Faculty Perceptions and Participation in Distance Education

Faculty Perceptions and Participation in Distance Education

Kim E. Dooley (Texas A&M University, USA), James R. Linder (Texas A&M University, USA), Chanda Elbert (Texas A&M University, USA), Timothy H. Murphy (Texas A&M University, USA) and Theresa P. Murphrey (Texas A&M University, USA)
DOI: 10.4018/978-1-59140-553-5.ch209
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Abstract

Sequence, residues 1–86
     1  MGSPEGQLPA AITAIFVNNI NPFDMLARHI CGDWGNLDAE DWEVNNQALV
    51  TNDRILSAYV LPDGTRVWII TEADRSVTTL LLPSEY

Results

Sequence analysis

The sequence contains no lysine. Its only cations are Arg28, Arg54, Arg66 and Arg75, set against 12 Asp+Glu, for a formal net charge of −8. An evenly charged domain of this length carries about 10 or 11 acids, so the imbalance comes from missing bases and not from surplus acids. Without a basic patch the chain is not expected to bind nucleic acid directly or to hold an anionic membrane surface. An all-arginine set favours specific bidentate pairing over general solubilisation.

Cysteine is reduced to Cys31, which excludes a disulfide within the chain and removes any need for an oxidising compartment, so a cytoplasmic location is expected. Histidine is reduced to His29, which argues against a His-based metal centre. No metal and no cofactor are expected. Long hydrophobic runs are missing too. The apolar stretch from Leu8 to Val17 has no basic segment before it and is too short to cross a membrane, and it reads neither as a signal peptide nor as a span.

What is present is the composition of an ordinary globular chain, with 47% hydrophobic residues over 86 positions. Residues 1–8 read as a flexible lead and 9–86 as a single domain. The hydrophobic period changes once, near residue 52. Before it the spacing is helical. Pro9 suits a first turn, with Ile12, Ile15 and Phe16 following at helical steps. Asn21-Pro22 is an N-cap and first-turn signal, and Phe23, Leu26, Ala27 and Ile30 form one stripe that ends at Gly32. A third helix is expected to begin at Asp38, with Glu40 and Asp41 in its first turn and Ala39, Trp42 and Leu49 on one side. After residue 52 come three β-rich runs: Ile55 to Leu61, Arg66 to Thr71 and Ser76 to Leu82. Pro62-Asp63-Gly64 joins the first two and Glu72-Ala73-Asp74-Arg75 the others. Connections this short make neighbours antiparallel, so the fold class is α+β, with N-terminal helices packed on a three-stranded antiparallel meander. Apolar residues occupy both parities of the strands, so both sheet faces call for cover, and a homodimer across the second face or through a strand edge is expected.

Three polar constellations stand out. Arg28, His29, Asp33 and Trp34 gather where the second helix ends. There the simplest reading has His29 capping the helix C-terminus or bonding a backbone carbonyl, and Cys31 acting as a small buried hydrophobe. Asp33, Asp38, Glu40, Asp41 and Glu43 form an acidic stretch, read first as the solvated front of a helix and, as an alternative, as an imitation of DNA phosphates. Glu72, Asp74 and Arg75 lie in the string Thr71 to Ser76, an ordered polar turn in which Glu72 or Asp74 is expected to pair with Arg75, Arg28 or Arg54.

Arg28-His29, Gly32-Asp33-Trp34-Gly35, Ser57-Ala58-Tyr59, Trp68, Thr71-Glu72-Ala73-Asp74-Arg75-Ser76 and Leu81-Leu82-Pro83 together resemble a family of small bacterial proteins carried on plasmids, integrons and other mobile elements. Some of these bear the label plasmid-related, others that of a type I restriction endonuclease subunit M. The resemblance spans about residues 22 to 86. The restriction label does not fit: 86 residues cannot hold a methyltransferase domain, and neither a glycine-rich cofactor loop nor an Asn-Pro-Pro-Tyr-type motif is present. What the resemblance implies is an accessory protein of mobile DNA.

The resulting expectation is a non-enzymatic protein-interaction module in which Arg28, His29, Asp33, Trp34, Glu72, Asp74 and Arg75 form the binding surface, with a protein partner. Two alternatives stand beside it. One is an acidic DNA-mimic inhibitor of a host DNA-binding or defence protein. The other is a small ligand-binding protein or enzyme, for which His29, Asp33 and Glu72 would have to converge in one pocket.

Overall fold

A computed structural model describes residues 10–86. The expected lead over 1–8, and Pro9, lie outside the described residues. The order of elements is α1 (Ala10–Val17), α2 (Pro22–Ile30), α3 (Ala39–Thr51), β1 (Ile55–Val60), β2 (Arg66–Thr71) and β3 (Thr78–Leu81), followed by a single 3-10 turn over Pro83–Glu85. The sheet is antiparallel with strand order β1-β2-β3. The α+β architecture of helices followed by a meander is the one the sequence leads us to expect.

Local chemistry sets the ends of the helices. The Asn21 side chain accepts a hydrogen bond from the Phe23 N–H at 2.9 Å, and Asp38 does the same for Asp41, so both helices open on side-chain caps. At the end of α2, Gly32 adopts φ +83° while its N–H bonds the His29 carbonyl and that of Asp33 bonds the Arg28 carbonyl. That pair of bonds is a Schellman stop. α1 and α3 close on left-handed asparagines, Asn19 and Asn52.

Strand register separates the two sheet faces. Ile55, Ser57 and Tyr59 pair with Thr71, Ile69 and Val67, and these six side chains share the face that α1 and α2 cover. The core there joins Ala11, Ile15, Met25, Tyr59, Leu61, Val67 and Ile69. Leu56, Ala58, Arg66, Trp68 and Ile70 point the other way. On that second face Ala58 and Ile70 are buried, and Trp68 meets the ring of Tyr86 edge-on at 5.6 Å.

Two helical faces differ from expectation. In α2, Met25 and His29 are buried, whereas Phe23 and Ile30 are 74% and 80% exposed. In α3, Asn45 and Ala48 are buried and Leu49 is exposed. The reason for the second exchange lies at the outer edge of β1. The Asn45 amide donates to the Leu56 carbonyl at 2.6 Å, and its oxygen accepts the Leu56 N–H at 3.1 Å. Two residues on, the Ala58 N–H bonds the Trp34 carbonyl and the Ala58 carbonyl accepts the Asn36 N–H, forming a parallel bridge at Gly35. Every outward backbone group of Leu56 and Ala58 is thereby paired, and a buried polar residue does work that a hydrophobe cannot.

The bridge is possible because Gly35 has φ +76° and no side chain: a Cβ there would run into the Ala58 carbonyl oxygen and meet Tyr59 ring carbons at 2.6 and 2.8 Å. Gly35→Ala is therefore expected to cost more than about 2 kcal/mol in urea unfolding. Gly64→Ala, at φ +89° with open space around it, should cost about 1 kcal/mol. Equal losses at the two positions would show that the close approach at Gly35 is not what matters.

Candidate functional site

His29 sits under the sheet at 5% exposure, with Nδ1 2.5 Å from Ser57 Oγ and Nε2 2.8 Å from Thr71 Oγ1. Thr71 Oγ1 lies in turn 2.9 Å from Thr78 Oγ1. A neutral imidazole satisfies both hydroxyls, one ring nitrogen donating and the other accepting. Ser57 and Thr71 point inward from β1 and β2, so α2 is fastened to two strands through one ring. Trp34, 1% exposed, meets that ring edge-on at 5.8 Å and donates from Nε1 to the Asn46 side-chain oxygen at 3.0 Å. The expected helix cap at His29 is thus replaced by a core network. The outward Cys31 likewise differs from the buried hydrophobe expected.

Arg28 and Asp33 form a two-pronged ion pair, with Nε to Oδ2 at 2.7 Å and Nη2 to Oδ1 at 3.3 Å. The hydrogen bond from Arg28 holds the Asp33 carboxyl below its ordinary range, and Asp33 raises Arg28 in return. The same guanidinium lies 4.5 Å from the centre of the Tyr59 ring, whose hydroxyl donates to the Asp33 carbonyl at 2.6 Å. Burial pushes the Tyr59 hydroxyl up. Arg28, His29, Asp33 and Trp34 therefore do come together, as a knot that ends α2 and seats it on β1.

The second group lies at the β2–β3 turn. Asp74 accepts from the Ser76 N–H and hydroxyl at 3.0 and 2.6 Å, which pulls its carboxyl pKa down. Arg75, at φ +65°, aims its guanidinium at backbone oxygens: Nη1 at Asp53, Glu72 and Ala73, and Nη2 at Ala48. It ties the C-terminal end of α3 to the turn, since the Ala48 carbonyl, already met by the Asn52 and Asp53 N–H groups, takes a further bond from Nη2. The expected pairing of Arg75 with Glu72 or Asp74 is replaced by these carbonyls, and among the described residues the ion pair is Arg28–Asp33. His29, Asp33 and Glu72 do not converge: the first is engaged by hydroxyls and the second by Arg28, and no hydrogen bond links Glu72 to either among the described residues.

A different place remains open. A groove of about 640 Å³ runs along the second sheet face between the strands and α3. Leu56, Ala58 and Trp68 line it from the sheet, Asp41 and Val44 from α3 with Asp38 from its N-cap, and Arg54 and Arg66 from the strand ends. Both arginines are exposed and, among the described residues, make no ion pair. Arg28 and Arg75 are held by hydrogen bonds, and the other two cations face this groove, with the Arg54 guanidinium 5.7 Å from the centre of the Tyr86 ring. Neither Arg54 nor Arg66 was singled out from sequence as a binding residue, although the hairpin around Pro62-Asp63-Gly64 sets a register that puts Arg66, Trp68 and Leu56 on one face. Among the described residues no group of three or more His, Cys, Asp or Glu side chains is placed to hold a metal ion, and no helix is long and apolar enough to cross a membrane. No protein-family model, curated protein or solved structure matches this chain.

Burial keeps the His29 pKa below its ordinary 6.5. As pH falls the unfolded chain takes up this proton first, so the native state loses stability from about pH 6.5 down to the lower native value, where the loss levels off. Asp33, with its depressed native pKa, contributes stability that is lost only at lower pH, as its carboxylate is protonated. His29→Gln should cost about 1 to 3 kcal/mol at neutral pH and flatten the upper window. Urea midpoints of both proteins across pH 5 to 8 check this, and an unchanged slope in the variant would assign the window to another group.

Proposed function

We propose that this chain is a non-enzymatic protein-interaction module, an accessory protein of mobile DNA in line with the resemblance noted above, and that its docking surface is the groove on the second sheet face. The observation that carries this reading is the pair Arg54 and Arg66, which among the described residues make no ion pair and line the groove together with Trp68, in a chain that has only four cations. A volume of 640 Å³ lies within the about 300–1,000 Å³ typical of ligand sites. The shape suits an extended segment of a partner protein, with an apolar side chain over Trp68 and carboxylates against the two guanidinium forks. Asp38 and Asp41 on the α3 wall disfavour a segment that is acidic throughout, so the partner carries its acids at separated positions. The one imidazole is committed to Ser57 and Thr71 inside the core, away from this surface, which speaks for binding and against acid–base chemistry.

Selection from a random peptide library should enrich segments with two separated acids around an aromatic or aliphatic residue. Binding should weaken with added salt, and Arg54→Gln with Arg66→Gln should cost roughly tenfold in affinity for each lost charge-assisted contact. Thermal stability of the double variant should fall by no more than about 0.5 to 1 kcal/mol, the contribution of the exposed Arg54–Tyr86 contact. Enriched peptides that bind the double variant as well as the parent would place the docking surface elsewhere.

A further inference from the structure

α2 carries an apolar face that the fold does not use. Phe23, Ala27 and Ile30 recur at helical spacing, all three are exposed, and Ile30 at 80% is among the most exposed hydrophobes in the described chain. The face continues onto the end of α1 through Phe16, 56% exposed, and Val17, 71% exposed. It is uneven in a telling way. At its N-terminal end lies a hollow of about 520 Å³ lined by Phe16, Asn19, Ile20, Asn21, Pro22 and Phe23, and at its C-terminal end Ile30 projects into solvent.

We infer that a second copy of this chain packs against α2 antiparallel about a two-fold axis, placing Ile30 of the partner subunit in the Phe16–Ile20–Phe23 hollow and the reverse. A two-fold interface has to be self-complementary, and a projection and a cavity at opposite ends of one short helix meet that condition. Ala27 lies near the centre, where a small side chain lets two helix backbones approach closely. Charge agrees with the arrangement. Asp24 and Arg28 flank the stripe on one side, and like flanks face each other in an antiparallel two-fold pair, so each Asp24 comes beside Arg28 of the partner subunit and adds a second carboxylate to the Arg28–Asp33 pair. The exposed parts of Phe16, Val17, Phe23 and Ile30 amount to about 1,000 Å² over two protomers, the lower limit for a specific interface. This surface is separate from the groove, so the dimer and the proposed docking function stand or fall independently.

Research in the field of distance education has recognized the need for a change and modification of the faculty role in teaching at a distance (Jones, Lindner, Murphy & Dooley, 2002; Kanuka, Collett & Caswell, 2002; Miller & Pilcher, 2001). While technological advancements are an important part of the distance-learning environment, basic changes in teaching methods, technique, and motivation are needed to make distance education more effective (Purdy & Wright, 1992). Many studies cite faculty resistance to instructional technology as a primary barrier to the continued growth of distance education programs (Jones et al., 2002; McNeil, 1990). McNeil (1990) noted that attitudinal issues related to how faculty perceive and interact with technology are a bigger barrier to adoption and diffusion of distance education than is technology infrastructure.

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